One of the two chicks that was brooded by the turkey has survived, and the verdict is: she thinks she's a turkey. We call her Turken. She sleeps outside with the turkeys instead of in the coop with the other chickens. She preens like a turkey and ranges with them all over the farm.
On the other hand, one of our ducks also brooded and hatched some chicken eggs. And while those chicks hung with the ducks for their first few months - standing on the bank while their mama and duck siblings swam - they sleep in the coop and have integrated themselves into the chicken flock. So interesting!
In other turkey news, our Thanksgiving turkey results were kind of astonishing. Our 17 turkeys - three different breeds, males and females - were all the same age and fed the same for eight months. A few were small (8-9 lbs), most were medium-sized, and four weighed more than 30 pounds, including a 47 pounder! A friend who helped with the slaughter very happily roasted it in his Big Green Egg, said it was fantastic, and has "a lot turkey casseroles in the freezer."
We've finished our fifth year on the farm and have deeply integrated our connection with the seasons. Translated, that means we've been sleeping long nights this winter! Tom still has laying hens, goats, pigs, cows, ducks and turkeys to care for, but things have slowed down without broiler chickens to raise and process and fewer farm tours happening in the winter. With the garden put to bed, not milking the goats while they're pregnant, and fewer eggs to sell, my outside farm work is much slower. I like analyzing what we've done and planning how we can improve, and winter is perfect for that. The short version is that we grew at a comfortable and robust pace and are very grateful that this life we so enjoy is allowing Tom to work as a full-time farmer.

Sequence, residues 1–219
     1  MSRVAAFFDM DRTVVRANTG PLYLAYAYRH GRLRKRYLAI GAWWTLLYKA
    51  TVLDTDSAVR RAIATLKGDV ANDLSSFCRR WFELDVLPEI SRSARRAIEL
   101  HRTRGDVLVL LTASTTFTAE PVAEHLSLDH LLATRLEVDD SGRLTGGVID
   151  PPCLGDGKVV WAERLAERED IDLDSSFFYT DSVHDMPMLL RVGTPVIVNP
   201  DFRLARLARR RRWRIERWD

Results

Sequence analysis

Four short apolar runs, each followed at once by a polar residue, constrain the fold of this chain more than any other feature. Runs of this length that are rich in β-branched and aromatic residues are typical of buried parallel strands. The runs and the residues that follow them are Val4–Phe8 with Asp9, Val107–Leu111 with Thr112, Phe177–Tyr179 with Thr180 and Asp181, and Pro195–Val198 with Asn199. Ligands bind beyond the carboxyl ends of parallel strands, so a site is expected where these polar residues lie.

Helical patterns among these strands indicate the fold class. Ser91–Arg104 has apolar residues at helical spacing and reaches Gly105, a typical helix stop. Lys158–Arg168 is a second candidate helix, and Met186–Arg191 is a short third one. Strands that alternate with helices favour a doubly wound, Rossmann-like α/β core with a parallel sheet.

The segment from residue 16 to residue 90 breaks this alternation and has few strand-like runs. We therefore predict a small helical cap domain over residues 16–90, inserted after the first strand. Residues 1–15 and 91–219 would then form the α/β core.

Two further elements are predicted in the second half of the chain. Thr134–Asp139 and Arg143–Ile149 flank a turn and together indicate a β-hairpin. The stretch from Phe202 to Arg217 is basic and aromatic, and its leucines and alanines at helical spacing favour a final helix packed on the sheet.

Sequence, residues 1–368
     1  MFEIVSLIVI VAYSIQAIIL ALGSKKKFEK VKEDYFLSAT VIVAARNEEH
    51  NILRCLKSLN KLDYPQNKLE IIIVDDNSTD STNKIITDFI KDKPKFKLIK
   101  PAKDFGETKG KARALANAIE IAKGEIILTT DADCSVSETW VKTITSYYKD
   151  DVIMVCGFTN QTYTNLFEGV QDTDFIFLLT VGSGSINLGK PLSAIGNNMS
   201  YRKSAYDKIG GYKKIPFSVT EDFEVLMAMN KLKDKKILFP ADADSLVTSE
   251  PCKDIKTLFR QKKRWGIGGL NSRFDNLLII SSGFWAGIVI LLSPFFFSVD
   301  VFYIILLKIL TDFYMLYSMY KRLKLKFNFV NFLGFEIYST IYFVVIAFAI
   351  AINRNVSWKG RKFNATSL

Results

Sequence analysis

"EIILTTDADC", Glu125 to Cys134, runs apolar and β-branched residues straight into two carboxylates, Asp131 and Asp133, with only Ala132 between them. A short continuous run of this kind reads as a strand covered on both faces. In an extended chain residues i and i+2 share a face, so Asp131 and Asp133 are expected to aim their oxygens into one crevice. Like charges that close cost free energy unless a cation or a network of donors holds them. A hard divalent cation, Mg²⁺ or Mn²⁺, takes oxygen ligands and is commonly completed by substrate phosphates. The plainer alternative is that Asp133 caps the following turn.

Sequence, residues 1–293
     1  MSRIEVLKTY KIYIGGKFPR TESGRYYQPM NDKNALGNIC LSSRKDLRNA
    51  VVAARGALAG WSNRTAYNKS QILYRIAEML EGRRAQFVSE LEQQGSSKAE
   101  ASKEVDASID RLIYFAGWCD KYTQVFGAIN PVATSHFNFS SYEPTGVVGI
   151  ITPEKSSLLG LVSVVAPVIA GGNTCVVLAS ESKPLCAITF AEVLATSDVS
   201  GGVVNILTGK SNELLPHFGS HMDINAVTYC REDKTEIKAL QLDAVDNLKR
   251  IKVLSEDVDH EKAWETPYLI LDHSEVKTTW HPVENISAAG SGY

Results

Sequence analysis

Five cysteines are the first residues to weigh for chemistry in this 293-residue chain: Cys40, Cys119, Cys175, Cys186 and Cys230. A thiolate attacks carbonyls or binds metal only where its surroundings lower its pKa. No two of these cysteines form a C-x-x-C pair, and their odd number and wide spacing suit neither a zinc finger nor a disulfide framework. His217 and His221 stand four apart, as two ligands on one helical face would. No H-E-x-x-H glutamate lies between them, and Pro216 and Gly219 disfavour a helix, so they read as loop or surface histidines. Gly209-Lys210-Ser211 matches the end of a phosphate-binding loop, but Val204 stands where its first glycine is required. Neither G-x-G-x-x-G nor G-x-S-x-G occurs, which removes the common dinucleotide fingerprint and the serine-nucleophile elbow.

Tomorrow is the Martin Luther King, Jr. holiday and the day I've set aside this year for "farm school." My idea of a good time! This year we're going to grow more herbs, something I've been interested in for many years, so that will be one focus. I'm also looking forward to the Virginia Association of Biological Farming conference next month in Danville. It's so much fun to spend time with other farmers and there's a lifetime of information to learn.
For the past couple of months we eagerly await the end of the work day and time when I read aloud to Tom by the woodstove. We were surprised to discover that not only is Wendell Berry an incredible poet and essayist, but he's written many novels. We love reading about traditional farming practices and following the ongoing development of the characters, in Wendell's beautiful prose. Great literature is such a gift.
We simultaneously and independently have new past times, too. About ten days ago Tom bought himself a guitar for his birthday, and I decided to start playing the djembe that he brought back from Ghana many years ago. We're really into it, and have been having such a good time that I wonder what will happen when the growing season bursts upon us and the sleeping/reading/music-making hours disappear. That time will be upon us in a heartbeat.
We'll be happy to see you when you come through the gate.